Gantz sets up inquiry into submarines procurement

Submarine affair

Former judge Amnon Straschnov will head a government committee of inquiry. Likud has called the move 'defiance.

Minister of Defense Benny Gantz announced yesterday that he had decided to set up a government committee of inquiry to investigate the procurement by the Israel Navy of submarines and surface vessels, in accordance with his powers under the law.

In the past few weeks, the minister of defense has held many consultations with former senior people in the justice system and the defense establishment. In the light of those consultations, and the up to date information to which he has been exposed, Gantz reached the conclusion that a Ministry of Defense committee of inquiry could shed light on some of the processes that led to the procurement of the ships, and will be able to examine the procedures and the way in which agreements were concluded.

The committee will be headed by retired judge Amnon Straschnov, who was chief military prosecutor and also served as a judge in the Tel Aviv District Court. Alongside him, Gantz has appointed Yael Grill, formerly head of procurement in the Prime Minister's Office and head of the economic unit of the Ministry of Defense Production and Procurement Directorate, and General (res.) Avraham Ben-Shoshan, a former commander of the Israel Navy and military attaché at the Embassy of Israel in Washington DC.

Gantz was under pressure to appoint a committee of inquiry, both as a genuine investigative body to examine what happened in the procurement of the ships, and as a means of applying political pressure on Prime Minister Benjamin Netanyahu. Gantz spoke about such an inquiry in the election campaigns of the past two years, and so the formation of the committee is by way of fulfilling his promise.

The committee's main work will be on the procurement of three new submarines from Germany, and the prime minister's demand for the preparation for the purchase of a fourth submarine. Netanyahu's critics claim that this was in order to promote the business interests of his cousin Nathan Milikowsky, who had business ties with ThyssenKrupp Marine Systems, which is building the submarines. It is also claimed that Netanyahu hid some of the information relating to the procurement from the ministers of defense during the period concerned.

Gantz has given the committee four months to submit its final report. He instructed the committee to deal with the professional staff at the Ministry of Defense and stressed to its members that they were required to carry out their work independently, without intervention from politicians. He also said that, after requisite information security work had been done, the committee's conclusions would be published. Gantz's guidelines mean that neither former ministers of defense who were involved in the matter, nor the prime minister, who urged that the deals should be made to procure the submarines and other ships, will be summoned to testify.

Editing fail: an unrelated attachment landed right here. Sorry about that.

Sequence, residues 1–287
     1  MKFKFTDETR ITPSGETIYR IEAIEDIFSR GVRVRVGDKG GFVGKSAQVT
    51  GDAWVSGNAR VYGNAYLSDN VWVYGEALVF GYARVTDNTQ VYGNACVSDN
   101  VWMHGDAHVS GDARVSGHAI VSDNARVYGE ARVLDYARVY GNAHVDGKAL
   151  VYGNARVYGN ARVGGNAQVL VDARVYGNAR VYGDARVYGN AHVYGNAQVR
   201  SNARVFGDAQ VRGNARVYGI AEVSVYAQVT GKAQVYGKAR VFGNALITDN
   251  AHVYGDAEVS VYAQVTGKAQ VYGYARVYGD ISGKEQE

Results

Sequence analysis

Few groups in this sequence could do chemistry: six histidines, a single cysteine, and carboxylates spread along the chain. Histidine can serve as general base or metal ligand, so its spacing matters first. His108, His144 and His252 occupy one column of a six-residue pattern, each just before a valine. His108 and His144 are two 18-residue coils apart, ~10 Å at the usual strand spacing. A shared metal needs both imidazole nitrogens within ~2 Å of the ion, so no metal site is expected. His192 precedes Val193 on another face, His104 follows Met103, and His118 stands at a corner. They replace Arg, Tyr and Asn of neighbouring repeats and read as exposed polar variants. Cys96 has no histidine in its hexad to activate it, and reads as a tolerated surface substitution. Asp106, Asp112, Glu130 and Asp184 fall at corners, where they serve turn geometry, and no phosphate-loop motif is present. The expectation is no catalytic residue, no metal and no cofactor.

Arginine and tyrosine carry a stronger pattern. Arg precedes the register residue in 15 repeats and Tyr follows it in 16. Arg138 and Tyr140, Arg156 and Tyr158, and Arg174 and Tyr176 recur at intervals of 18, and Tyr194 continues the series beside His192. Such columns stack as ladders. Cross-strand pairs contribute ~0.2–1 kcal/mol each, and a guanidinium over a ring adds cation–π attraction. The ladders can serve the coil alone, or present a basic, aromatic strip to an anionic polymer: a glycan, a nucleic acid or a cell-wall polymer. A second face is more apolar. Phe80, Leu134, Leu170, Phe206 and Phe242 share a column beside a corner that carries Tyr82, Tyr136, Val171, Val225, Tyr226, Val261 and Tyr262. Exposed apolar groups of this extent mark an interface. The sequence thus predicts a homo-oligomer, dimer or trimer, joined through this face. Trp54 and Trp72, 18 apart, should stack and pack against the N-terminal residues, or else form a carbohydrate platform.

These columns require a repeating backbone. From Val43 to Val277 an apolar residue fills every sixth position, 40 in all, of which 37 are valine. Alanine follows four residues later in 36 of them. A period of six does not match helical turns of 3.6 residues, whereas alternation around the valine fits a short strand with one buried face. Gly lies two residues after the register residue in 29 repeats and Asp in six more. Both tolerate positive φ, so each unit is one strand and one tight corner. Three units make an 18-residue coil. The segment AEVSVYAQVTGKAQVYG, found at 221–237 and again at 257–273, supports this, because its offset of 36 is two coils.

The committee will not investigate the process that led to the prime minister's decision to approve the sale of advanced submarines built by ThyssenKrupp to Egypt. Netanyahu has admitted that he did not consult the minister of defense or the IDF on that matter.

The government committee of inquiry will have the power to summon anyone to give evidence on the procurement process. The minister of defense can also ask the minister of justice to endow the committee with the powers of an investigative committee. This requires approval by the government, so it is not something that will happen under the present government.

The committee's discussions will not be classified. It is expected to start work within a week or two.

The implication of Gantz's move is that his Blue & White party is sure that Israel is headed for an election, for it amounts to a poke in the eye for Netanyahu that his conduct should be the subject of an inquiry. The committee cannot subpoena witnesses, and it will gather materials and evidence mainly from within the defense establishment, which Gantz controls.

Publication of the committee's conclusions within four months means that they are likely to come in the midst of an election campaign, and there will presumably be leaks damaging to Netanyahu in the meantime.

Likud MK Miki Zohar said in response to the decision to hold an inquiry, "Gantz's decision to set up a committee of inquiry on the submarines issue is nothing less than an act of defiance against Likud and its head. Despite the fact that Gantz is well aware that Netanyahu had no hand in the submarines story, he is acting to smear his name, and in the process endangering the existence of the coalition. Today, we received proof that Gantz is forcibly dragging Israel to an election at the height of a global crisis. I find it unfortunate that instead of helping the prime minister in his efforts to bring vaccines for Israel's citizens, Gantz is occupied with wining back a few votes from Netanyahu's detractors."

Moshe Ya'alon, who as minister of defense opposed the procurement of the submarines, and whose Telem party split from the alliance with Gantz when the latter joined Netanyahu's government, said, "I congratulate Minister of Defense Benny Gantz on the decision to set up a government committee of inquiry into the affair of the procurement of submarines and surface ships. If the committee cannot compel Netanyahu and others to testify before it, there will be no avoiding a criminal investigation and/or a state investigative committee. Only a comprehensive and thorough investigation, without guidelines and without preconditions, will bring the truth to light."

Published by Globes, Israel business news - en.globes.co.il - on November 23, 2020

© Copyright of Globes Publisher Itonut (1983) Ltd. 2020

Submarine affair
Submarine affair
Twitter Facebook Linkedin RSS Newsletters גלובס Israel Business Conference 2018